Study: Healthcare providers may be at greater risk for exposure to flu

Some people infected with the flu may shed more of the airborne virus than others and current infection control recommendations may not be sufficient, according to a recent study.

Researchers at Wake Forest Baptist Medical Center screened 94 patients at the medical facility for flu-like symptoms during the 2010-2011 flu season. The authors of the study then took nasal swabs and obtained air samples from within one foot, three feet and six feet of patients during routine care, Medical News Today reports.

Of the 94 patients studied, 61 tested positive for the flu virus and 26 others released influenza into the air. Five of the patients shed up to 32 times more virus than others.

"One out of five influenza-emitting individuals released elevated amounts of virus into the environment, pointing to a highly infectious subgroup," Werner Bischoff, the lead author of the study, said, according to Medical News Today. "Additionally, the patients who emitted more virus also reported greater severity of illness."

Current infection control recommendations for providers of healthcare focus on preventing transmission by large particles, using fitting respirators only during aerosol-generating procedures.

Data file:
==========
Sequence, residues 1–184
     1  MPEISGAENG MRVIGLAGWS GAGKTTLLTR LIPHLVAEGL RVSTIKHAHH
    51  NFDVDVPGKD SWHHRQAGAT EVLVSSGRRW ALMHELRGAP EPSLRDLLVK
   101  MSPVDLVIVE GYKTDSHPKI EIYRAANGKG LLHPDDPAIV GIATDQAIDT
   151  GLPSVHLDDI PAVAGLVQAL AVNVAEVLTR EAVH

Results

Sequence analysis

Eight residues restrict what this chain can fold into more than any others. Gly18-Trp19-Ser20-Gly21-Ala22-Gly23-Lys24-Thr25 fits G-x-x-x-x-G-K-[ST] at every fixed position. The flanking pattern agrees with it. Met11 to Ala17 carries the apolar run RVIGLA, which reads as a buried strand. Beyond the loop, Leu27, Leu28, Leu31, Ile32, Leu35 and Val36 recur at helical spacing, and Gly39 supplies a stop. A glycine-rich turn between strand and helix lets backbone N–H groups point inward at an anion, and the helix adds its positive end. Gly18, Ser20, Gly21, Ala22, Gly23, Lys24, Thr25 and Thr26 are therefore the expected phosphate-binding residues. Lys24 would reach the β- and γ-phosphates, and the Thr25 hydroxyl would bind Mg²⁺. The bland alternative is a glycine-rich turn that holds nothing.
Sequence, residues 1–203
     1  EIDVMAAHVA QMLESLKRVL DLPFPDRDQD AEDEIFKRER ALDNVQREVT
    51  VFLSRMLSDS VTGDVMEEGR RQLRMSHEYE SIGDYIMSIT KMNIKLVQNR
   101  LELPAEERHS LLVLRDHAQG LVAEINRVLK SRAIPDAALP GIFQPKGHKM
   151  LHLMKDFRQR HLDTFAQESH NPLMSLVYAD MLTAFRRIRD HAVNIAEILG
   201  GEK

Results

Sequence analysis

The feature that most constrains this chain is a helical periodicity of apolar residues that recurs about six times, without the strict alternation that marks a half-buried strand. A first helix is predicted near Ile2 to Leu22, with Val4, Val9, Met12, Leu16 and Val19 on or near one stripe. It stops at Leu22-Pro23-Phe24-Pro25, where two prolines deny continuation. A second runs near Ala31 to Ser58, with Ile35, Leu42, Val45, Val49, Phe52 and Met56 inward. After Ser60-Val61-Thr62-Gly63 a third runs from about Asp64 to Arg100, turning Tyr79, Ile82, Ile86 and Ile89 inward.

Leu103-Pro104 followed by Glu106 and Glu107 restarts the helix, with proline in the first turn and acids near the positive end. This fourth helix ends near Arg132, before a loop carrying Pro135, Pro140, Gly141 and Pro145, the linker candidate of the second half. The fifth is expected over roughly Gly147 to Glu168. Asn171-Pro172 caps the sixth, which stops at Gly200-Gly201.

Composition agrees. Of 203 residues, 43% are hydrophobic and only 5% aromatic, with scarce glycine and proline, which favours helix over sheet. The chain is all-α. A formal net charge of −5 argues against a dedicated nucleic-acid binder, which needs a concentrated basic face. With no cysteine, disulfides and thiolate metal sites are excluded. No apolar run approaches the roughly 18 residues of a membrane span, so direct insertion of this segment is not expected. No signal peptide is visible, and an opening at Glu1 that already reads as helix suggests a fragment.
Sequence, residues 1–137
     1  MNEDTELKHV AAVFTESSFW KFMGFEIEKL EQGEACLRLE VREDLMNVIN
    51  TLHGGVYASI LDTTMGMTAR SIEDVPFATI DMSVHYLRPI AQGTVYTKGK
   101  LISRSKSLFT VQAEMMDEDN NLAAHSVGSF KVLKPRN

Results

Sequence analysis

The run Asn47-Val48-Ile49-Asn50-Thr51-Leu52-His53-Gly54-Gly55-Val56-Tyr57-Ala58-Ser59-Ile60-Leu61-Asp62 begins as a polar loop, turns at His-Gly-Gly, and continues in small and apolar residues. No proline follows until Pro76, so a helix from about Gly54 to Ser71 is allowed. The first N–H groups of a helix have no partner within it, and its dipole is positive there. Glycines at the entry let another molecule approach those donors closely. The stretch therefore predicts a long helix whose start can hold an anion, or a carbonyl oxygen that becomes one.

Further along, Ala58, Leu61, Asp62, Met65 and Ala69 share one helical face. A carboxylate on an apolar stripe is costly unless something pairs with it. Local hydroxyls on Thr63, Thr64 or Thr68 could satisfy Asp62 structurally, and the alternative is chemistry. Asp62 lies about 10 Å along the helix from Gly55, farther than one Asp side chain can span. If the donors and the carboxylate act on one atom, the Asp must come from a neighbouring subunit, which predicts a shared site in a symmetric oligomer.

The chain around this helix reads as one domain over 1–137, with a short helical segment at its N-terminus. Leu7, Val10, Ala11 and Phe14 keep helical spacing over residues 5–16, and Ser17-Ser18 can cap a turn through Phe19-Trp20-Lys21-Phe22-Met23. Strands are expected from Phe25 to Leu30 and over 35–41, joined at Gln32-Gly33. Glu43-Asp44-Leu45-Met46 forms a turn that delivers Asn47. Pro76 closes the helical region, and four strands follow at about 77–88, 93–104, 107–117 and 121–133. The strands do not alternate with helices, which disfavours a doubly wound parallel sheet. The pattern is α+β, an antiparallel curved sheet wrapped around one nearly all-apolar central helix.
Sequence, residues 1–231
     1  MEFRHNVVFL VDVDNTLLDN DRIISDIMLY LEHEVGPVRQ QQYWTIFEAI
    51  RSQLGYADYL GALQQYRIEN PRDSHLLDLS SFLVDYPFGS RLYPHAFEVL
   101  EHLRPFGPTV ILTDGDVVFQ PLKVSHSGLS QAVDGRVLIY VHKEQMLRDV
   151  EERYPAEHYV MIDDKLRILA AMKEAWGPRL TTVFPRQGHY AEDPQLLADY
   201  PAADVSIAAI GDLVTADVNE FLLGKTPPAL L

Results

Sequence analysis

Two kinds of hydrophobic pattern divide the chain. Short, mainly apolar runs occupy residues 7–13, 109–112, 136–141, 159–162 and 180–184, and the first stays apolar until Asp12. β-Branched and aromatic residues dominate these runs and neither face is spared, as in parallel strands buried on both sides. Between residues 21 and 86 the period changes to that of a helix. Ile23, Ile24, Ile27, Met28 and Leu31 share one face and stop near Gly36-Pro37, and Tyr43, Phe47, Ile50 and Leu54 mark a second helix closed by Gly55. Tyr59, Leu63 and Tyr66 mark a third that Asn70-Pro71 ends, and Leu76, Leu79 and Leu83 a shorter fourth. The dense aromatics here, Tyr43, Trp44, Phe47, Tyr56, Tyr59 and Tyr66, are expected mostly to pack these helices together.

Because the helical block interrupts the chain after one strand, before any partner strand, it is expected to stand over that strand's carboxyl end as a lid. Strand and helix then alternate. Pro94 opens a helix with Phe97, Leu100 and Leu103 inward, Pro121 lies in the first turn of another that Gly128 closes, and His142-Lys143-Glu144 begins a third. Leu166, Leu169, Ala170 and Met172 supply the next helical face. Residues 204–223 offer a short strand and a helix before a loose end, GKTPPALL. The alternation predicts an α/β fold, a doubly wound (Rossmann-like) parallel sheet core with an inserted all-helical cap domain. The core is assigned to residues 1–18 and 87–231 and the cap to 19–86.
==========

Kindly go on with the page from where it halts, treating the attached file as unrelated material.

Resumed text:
"Our study provides new evidence that infectiousness may vary between influenza patients and questions the current medical understanding of how influenza spreads," Bischoff said, according to Medical News Today. "Based on our findings, doctors and nurses may need to wear a fitted respirator even for routine care of flu patients as opposed to just the non-fitted, surgical face mask currently recommended."

The researchers determined that the majority of influenza virus in the air samples tested was found in small particles up to six feet from the patient's head. The small particles can float in the air for hours, travel relatively long distances and readily penetrate the non-fitted protective masks.

Bischoff said that future studies are required to establish person-to-person transmission of influenza and determine if super emitters spread the flu to more people, Medical News Today reports.

The study was published online in the January 31 edition of The Journal of Infectious Disease.